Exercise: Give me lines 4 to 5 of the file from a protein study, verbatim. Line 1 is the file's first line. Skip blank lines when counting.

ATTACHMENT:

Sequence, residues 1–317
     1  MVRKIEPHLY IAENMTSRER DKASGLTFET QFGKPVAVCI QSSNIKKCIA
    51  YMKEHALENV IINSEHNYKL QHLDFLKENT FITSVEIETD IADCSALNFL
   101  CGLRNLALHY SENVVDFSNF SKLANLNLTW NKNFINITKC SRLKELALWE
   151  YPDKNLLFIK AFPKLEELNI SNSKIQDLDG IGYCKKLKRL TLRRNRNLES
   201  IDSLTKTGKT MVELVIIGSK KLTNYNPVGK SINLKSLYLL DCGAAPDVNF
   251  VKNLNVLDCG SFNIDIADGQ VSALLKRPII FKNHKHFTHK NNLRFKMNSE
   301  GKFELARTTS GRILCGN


   101  CGLRNLALHY SENVVDFSNF SKLANLNLTW NKNFINITKC SRLKELALWE
   151  YPDKNLLFIK AFPKLEELNI SNSKIQDLDG IGYCKKLKRL TLRRNRNLES